What is Resource Recovery?
Resource recovery is the activity of separating materials from waste that can be recycled into new products or used as an energy alternative to fossil fuels and is actioned with the goal of diverting as much waste from landfill as possible. It’s a part of an important goal being adopted worldwide which is to secure a waste-free and more sustainable future.
The efficient use of resources is what underpins the objective of resource recovery in NSW and is shaped by a hierarchy of 3 priorities outlined in the Waste Avoidance and Resource Recovery Act 2001, which is avoidance, resource recovery, and disposal. This hierarchy is most popularly known by the mantra reduce, reuse and recycle.
Out of all 3 priorities ‘Reduce, Reuse & Recycle’ the most effective and preferred method is the first step; which is to Reduce and avoid waste altogether. If we consider the energy required to produce products and the energy utilized in the recovery process, it is clear that the most efficient process in resource recovery is to ‘avoid unnecessary consumption’ as outlined by the Environmental Protection Authority (EPA).
An example of reduction and avoidance of waste can be experienced in supermarkets and retail outlets across Australia with the ban on single-use plastic bags being introduced. With a reported estimate of 1.5 billion bags prevented from landfill by December 2018 alone, it is evident that reduction and avoidance in the first place is the most powerful method of resource recovery.
When complete avoidance and reduction of waste are not possible, resource recovery is most important. This not only involves the effective recovery of materials for recycling (processing waste materials to make the same or different products) but also, their re-use (without further processing).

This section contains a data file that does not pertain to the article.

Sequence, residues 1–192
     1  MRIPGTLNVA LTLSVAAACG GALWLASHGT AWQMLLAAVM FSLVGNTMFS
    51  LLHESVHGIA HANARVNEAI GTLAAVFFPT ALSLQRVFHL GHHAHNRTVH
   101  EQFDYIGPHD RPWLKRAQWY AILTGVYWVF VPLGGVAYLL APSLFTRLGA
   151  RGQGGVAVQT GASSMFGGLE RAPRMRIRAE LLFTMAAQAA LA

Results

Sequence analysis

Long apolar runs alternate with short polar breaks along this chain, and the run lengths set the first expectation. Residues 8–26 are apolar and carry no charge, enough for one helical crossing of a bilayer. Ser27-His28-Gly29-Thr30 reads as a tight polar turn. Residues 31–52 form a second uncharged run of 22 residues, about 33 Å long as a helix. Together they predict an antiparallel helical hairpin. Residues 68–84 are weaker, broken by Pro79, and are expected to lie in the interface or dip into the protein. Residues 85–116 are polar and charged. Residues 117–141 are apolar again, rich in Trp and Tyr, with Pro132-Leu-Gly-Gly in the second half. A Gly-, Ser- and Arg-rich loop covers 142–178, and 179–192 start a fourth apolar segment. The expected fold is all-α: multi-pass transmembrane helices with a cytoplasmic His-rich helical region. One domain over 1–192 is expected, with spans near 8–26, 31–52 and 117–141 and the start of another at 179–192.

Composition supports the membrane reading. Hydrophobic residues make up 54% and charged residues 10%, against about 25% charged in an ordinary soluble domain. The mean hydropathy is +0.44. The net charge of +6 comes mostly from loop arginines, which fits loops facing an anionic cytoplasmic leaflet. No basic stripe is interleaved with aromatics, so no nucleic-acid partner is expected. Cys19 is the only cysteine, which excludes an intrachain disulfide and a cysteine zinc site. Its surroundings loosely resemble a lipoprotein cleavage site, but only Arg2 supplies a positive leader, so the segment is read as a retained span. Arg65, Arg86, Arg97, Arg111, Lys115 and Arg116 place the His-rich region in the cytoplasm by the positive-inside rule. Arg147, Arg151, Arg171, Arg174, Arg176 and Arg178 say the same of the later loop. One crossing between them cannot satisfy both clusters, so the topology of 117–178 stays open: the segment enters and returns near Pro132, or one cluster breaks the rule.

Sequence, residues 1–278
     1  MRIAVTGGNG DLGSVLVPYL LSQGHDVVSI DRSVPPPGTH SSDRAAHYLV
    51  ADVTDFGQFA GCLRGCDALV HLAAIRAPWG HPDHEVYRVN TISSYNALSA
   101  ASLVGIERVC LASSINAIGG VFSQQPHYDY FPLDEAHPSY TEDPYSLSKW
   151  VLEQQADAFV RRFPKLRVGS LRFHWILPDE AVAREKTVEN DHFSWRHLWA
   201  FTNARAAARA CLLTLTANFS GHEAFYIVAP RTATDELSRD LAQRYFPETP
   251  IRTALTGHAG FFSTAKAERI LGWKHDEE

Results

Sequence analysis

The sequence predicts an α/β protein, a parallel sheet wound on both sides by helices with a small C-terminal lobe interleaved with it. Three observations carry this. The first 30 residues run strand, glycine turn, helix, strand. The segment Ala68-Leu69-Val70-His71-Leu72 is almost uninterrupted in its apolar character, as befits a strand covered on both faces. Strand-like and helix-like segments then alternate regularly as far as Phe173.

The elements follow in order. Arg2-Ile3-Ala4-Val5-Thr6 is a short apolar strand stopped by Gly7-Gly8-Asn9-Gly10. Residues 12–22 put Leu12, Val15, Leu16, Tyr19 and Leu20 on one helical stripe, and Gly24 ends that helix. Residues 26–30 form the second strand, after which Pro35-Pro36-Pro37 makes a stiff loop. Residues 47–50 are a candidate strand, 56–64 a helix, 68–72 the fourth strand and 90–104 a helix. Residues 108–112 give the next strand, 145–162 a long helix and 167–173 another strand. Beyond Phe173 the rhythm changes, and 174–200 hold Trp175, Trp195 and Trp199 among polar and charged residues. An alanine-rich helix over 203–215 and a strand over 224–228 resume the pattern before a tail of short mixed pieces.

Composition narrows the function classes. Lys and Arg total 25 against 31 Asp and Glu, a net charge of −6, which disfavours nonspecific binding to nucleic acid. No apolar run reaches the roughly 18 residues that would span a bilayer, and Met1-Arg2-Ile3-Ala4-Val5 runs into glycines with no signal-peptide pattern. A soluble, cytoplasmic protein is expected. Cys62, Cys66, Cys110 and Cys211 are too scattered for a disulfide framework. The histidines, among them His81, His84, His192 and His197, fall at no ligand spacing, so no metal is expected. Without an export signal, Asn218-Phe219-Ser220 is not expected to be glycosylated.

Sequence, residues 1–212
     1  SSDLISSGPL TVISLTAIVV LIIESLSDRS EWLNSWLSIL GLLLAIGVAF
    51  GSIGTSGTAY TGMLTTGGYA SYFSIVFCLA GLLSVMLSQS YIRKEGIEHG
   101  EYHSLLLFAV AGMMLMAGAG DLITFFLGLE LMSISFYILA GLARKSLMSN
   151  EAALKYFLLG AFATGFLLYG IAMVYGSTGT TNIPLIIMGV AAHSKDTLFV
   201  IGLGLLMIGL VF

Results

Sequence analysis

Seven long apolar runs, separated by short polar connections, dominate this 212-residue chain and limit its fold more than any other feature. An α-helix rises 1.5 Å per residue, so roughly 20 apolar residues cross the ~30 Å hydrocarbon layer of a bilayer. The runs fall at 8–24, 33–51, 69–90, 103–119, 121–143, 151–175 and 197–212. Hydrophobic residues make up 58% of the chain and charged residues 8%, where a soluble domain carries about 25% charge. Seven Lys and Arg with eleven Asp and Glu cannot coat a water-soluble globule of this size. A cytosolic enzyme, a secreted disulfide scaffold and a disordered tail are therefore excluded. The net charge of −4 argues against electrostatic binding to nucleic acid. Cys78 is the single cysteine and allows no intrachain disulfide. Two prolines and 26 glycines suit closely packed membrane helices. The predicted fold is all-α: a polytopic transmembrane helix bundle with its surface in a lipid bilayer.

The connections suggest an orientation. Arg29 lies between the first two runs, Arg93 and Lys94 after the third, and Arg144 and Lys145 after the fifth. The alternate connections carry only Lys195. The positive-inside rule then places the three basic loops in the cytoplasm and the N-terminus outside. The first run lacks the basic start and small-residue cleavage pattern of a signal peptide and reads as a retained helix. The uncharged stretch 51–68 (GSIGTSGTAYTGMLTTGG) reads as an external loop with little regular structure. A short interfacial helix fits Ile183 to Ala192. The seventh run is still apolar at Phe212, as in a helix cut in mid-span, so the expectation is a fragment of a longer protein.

During the recovery process, the waste is processed by machine and hand sorting to extract all recoverable materials for re-use and recycling. Materials are separated and processed for re-use – soil is screened, masonry is crushed, timbers and vegetation are mulched, while metals, glass, plastics, and cardboard are sent for recycling. Whether it’s gravel for a rural road, mulch for landscaping in a city park, or a new glass bottle for soft drink, the bulk of the waste stream is re-purposed while the remaining residue of non-recyclable material is taken to certified landfill sites.
Great advancements and investments have been made in terms of resource recovery and increasing the amount of waste that is ultimately diverted from landfills. Waste Management experts such as Grasshopper Environmental have managed to achieve up to 90% in landfill diversion from the Building & Demolition waste stream alone. This is a significant achievement especially as we consider that the Building sector contributed to 20.4 Mt (Millions of Tonnes) of waste along in 2016-2017 according to the National Waste Report 2018 prepared for the Department of the Environment and Energy.
Although avoidance and recovery are able to divert large amounts of waste from landfills, there are certain waste types that cannot be recycled. For these waste types, landfills are used to dispose of non-recyclable waste. In Australia, there are approximately 600 officially registered landfill sites and an estimated 2000 unregulated smaller sites. According to the Waste generation and resource recovery in Australia report prepared for the Department of Sustainability, Environment, Water, Population, and Communities, 75% of landfill waste is directed to 38 sites in Australia.
Ethical waste management providers divert waste to regulated, well-managed landfills that employ best practices and invest in resource recovery. These are waste management providers that contribute to landfill levies to further advancements in resource recovery and effectively invest in a more sustainable future.
The sweet spot Australia and the world is striving for in waste management is for a circular economy and a waste-free future. Many advancements have been made in resource recovery in Australia alone however the combination of the 3 priorities Avoidance, resource recovery and recycling are key in greater environmental outcomes for Australia’s waste situation.